- there is now automatic reinforcement learning (:rl). Given a unique closed-world state predicate, it generates the necessary types (utility), predicates (reward, q, projected, projected*next), and conditionals to learn the reward, q and projected functions, including backing up the projected function for learning both it and q. It also creates conditionals to use the q function in selecting operators. You can see this working in the program (test-rl-rl), which does automatic action model and RL, which has replaced (test-rl-am) in the regression suite. This implementation doesn't yet work for the multiagent case though. [As part of this implementation have restructured significantly the original create-model-conditionals code.]
- To efficiently initialize large distributed vectors, if you specify a function with all discrete dimensions by a list containing the constant row-major followed by exactly the right number of constants to exactly fill the function, it simply fills up a region-array with these values and then converts it into a PLM. For an array with 1M elements, it takes about 3 seconds to do this. You can look at the test program (trmi) to see how this works.
- Variable offsets for affine translation are no longer assumed to be constants. It is now possible, for example, to specify a different offset for each agent in a multi-agent situation. You can see how this works in the sample program (tcoff).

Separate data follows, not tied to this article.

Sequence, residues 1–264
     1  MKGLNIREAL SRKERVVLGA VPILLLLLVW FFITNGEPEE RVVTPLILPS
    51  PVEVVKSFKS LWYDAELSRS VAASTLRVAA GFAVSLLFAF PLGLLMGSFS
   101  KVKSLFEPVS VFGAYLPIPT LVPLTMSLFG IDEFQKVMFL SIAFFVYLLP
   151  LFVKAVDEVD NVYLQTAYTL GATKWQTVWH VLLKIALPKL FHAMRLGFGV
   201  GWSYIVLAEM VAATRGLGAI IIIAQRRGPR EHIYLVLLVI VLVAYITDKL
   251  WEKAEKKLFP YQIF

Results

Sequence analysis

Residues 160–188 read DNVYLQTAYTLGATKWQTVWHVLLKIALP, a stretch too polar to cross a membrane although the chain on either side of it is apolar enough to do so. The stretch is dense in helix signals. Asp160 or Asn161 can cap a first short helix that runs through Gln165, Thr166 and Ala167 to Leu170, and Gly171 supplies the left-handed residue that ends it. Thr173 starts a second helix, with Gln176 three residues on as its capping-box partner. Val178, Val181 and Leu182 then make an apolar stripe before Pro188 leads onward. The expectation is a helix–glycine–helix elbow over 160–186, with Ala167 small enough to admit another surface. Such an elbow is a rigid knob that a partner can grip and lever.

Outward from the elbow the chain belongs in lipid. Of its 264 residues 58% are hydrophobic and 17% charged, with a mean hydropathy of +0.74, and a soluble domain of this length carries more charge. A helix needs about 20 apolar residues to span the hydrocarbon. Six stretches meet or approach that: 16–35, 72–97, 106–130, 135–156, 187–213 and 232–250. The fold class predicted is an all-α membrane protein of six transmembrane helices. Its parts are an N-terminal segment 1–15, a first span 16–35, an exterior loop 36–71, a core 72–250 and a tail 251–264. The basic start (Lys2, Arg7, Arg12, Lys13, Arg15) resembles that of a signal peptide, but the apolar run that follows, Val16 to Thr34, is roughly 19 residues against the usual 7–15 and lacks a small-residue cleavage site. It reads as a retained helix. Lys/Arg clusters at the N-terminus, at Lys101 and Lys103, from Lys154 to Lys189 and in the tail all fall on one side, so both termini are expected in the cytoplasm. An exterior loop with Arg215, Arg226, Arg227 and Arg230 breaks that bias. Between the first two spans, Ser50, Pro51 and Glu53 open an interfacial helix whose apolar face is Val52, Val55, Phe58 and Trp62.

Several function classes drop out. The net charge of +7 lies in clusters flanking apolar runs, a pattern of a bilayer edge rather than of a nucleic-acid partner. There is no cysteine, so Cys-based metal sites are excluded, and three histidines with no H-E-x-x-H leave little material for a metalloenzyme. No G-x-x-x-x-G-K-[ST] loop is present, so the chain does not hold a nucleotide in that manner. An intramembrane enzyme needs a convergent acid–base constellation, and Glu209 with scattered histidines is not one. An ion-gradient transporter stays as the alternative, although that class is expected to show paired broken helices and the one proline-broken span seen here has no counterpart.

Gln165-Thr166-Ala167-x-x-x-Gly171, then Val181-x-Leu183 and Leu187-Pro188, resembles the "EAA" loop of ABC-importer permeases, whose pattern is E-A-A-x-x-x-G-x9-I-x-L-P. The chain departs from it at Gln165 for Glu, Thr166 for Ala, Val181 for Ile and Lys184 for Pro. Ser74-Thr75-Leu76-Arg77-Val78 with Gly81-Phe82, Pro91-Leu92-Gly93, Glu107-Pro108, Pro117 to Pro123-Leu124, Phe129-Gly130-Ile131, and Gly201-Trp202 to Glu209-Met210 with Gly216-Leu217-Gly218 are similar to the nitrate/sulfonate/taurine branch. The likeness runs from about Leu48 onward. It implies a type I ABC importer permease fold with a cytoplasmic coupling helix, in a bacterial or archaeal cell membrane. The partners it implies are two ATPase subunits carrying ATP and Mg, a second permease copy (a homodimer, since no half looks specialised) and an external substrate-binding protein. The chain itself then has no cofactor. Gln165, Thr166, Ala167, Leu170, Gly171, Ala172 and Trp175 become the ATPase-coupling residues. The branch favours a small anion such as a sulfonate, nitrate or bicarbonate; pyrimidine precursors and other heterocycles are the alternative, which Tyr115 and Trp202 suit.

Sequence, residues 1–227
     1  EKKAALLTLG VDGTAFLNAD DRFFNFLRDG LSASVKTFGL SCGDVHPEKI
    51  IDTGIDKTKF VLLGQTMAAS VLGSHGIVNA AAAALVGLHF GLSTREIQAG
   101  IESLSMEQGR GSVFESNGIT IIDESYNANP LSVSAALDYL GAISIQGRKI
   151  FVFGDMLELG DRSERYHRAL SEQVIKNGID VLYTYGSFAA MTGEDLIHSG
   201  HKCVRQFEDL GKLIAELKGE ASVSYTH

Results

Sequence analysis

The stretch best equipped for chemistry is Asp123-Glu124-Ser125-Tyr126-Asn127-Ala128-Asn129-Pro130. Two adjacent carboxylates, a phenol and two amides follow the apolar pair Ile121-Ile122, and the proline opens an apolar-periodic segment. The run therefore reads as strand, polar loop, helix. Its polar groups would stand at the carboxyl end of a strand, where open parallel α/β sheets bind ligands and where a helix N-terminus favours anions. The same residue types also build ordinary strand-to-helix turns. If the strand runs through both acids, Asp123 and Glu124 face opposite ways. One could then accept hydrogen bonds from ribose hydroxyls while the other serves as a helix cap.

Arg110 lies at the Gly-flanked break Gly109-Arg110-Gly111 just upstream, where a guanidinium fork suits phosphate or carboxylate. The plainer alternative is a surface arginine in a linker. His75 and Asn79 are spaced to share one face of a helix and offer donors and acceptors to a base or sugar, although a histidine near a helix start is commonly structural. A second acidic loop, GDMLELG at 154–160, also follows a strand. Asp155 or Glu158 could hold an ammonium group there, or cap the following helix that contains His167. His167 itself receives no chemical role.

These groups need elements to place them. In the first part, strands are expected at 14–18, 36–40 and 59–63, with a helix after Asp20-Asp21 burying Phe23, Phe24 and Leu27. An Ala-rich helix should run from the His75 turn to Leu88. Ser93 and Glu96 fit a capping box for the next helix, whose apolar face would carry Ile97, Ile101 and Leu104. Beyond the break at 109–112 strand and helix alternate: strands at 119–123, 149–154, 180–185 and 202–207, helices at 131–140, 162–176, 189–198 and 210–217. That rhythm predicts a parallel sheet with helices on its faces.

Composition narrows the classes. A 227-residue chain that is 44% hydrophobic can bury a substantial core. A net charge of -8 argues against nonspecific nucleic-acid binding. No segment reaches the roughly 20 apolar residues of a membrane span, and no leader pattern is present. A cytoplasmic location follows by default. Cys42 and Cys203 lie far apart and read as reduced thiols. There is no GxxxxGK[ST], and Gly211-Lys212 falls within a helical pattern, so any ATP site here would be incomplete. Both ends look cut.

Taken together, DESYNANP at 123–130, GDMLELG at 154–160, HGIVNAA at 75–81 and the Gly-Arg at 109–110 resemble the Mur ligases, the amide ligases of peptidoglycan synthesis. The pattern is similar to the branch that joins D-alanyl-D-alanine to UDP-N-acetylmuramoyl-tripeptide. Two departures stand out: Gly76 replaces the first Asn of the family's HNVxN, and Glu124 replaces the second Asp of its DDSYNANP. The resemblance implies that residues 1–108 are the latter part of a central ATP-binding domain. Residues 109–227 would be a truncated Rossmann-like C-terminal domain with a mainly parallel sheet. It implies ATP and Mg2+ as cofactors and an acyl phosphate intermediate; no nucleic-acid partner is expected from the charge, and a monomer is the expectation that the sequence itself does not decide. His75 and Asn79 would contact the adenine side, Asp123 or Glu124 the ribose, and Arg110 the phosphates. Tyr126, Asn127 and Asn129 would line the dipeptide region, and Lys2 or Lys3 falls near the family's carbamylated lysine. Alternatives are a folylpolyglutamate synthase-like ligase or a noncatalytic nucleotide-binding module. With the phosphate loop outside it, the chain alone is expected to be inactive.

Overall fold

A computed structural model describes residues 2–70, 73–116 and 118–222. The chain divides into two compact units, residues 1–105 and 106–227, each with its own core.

- Have provided :action-function and :observation-function attributes on predicates, to set initial values for automatically generated action and perception functions. I don't suggest actually using these though unless you know what they are doing, as it may not be obvious what arguments these functions have, or what order they are to appear in. These definitely may not be the same as those in the original predicate.
- Added a new system type "flag" that only has one domain element: "true".
- Added a new system predicate "detect-impasses", which can be used to selectively turn impasse detection on and off at particular states in the hierarchy. This does not yet work with multiple agents.
- Some extensions and tuning of the automatic acquisition of action and predicate models has been done in service of the speech work. They no longer, for example, assume that state and selected predicates are defined. The variable bindings for universal variables between the current and next predicates in action models have been made so that the same variables are used in both. Also, if a predicate is annotated with ":no-models t" then neither action nor perception models are learned for it.
- The function for printing conditionals can now optionally show the reordered order.
- Fixed a bug in episodic memory introduced in Sigma 33 concerning printing of predicate rather than conditional functions.
- Fixed a couple of bugs in automated condition ordering that kept it from fully using the message volumes after the possible next conditions are joined to what came previously in deciding on which to include next. This does make a significant difference in some tasks, such as some variants of the shift-reduce parser.
- A conceptual bug was fixed in subtractive-normalization in the presence of multiple normalization dimensions.